Superarticulation: Real-time note analysis triggers articulations. Don’t have to think about which button to push (MOX XA). SA 2 voices are terrific. I’ve been reading the Yamaha patents on AEM and realize that SA 2 is non-trivial.

Immediacy: People want immediate results. Turn a knob, get a response. That’s one reason why people are knocked out by SA/SA2. Nothing kills a buzz like waiting for your computer to boot or fixing a driver problem.

Content: MOX players want more arpeggios; S950 players want more styles. This is a fundamental human need. Need to be able to create or import own phrases/content. Be able to play and sync both audio and MIDI clips. Import and convert PSR styles to arpeggios?

Updates: Need to provide updates for mid-range products, too. Competitor is making “updatable OS” a sales point. Example: Update MOX to control element level through knobs (now a standard MOXF feature).

Community: Community is very important. Share riffs, voices, whatever. Community builds excitement and loyalty. Yamaha must participate. (Yamaha is already perceived as too aloof.) Publish specs for file formats and let open source development loose. Provide an open garden and let thousands of flowers bloom.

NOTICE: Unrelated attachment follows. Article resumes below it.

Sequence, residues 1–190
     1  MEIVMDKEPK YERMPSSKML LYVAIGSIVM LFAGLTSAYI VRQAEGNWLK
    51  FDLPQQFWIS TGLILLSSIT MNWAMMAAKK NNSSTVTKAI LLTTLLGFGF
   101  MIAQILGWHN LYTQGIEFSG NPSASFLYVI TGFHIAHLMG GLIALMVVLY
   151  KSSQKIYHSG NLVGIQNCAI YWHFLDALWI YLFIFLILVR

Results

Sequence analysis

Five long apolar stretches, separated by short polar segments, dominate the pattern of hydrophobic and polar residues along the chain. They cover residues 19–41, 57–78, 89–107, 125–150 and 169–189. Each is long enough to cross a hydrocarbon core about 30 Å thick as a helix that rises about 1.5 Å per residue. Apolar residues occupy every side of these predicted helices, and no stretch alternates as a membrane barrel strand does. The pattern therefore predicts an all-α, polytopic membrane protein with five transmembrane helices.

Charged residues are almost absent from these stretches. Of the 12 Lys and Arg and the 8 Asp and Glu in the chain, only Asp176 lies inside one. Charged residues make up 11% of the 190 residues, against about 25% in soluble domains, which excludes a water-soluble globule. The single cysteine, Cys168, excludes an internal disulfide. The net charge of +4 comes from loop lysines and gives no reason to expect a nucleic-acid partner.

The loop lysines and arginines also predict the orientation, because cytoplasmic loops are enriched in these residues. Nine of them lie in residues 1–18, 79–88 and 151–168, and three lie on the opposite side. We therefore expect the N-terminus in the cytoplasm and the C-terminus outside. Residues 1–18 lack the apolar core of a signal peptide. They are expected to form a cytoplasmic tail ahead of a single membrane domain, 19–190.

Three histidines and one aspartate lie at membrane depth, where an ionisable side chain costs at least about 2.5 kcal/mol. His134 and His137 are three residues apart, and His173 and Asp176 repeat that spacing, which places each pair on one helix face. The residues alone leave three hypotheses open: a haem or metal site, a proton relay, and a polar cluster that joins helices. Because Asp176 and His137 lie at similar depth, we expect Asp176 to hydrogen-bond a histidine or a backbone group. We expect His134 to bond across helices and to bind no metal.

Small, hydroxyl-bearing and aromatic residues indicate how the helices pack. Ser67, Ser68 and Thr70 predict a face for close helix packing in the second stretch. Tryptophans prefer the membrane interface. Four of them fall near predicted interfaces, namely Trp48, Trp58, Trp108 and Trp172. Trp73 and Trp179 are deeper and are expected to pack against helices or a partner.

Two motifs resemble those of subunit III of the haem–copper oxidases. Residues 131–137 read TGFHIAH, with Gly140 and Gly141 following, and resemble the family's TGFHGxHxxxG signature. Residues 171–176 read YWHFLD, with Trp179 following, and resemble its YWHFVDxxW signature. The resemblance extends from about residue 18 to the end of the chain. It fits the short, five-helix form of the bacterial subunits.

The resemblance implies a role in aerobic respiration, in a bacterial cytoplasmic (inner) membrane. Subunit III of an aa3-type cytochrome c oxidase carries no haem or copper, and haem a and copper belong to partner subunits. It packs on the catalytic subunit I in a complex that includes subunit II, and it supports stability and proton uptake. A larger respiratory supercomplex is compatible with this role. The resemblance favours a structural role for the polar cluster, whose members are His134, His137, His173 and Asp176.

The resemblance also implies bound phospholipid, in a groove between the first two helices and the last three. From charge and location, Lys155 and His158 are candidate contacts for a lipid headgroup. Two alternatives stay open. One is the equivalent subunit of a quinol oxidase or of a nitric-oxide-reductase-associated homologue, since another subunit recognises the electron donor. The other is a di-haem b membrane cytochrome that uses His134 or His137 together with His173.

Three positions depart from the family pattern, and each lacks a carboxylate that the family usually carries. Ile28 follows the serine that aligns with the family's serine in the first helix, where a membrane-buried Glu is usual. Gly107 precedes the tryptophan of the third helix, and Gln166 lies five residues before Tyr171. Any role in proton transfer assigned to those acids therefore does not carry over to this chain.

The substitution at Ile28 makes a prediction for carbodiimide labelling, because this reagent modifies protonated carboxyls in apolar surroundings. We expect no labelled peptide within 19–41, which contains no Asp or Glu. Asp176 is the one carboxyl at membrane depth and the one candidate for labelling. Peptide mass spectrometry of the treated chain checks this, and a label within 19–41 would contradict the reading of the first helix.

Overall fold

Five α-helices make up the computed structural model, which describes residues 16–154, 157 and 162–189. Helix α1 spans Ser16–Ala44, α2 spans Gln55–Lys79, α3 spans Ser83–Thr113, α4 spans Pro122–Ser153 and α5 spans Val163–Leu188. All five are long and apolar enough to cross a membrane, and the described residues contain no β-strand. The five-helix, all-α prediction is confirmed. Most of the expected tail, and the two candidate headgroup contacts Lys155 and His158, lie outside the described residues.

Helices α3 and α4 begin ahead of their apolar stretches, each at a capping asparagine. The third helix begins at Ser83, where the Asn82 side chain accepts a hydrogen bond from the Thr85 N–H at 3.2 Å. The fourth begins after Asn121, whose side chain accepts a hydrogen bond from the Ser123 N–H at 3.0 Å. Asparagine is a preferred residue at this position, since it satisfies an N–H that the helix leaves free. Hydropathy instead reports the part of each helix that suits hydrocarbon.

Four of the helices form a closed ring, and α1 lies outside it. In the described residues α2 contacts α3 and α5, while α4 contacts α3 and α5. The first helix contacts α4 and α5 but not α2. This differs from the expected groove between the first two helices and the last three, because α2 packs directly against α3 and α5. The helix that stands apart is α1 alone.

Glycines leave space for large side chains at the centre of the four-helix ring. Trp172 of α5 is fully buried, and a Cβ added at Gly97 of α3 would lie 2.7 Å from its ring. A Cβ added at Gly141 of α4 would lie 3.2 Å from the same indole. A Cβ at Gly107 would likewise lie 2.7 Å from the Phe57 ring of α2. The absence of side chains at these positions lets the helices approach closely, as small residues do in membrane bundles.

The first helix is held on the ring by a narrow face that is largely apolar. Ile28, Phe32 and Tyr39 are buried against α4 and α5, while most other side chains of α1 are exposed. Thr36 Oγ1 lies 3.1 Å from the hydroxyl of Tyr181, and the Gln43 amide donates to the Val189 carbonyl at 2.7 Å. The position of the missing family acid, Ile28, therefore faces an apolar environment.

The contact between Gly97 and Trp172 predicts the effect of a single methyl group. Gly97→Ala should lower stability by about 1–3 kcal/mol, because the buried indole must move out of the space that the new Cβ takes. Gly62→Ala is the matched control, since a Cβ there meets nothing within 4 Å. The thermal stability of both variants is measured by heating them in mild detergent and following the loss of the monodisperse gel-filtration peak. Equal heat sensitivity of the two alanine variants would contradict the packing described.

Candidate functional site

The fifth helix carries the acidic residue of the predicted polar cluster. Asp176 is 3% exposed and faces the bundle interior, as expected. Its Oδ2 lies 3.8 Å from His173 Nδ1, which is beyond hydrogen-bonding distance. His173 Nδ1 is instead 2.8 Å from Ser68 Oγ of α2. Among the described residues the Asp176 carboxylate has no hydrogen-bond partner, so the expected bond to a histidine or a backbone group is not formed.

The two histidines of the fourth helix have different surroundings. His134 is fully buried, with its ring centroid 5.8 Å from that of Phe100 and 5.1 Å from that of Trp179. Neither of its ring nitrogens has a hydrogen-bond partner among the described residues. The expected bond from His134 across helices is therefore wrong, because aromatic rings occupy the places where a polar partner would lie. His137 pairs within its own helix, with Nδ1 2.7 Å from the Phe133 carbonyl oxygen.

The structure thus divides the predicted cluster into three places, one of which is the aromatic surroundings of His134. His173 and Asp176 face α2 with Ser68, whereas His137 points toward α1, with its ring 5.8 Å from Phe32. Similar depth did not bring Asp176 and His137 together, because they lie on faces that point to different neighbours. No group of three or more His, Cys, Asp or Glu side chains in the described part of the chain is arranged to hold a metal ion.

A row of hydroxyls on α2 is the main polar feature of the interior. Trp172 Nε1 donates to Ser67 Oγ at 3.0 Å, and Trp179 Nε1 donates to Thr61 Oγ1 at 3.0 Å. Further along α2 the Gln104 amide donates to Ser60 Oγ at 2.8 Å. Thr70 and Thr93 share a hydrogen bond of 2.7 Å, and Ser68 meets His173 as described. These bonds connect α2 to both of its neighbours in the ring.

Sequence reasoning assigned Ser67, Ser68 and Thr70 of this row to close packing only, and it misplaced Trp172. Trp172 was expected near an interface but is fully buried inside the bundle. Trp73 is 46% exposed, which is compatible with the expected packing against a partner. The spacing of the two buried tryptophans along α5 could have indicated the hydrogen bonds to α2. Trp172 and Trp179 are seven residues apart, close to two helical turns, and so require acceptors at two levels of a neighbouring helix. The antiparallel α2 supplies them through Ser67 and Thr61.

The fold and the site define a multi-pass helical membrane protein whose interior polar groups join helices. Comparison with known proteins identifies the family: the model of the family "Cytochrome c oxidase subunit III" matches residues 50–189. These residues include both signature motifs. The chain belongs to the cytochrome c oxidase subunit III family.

How to import new MIDI phrases into MMS

The Yamaha Mobile Music Sequencer (MMS) app for iPad is a fun tool, but it cannot import MIDI files or new musical phrases. This limits its real-world usefulness. One way to import MIDI is to slave MMS to another sequencer and play MIDI track by track into MMS. If your goal is new phrases for remixing or composition, you then face the laborious task of cutting, pasting and editing new phrases. Overall, this process involves a lot of manual work!

I just finished experimenting with a backdoor method for importing new MIDI-based musical phrases into MMS. See this page for all of the gory details.

MMS phrases are stored in Apple binary property list files (plist) with the “yms2” extension. The Apple plutil tool prints plist file contents and converts a plist file between XML and binary form. The XML provides a way into the guts of a phrase file and lets you change phrase properties or, ta da!, replace the MIDI data with your own MIDI data. The MIDI data in the binary yms2 file is a Standard MIDI File (SMF). The MIDI data must be encoded in base64 text format when working with XML. Fortunately, there are plenty of base64 conversion tools available on the web.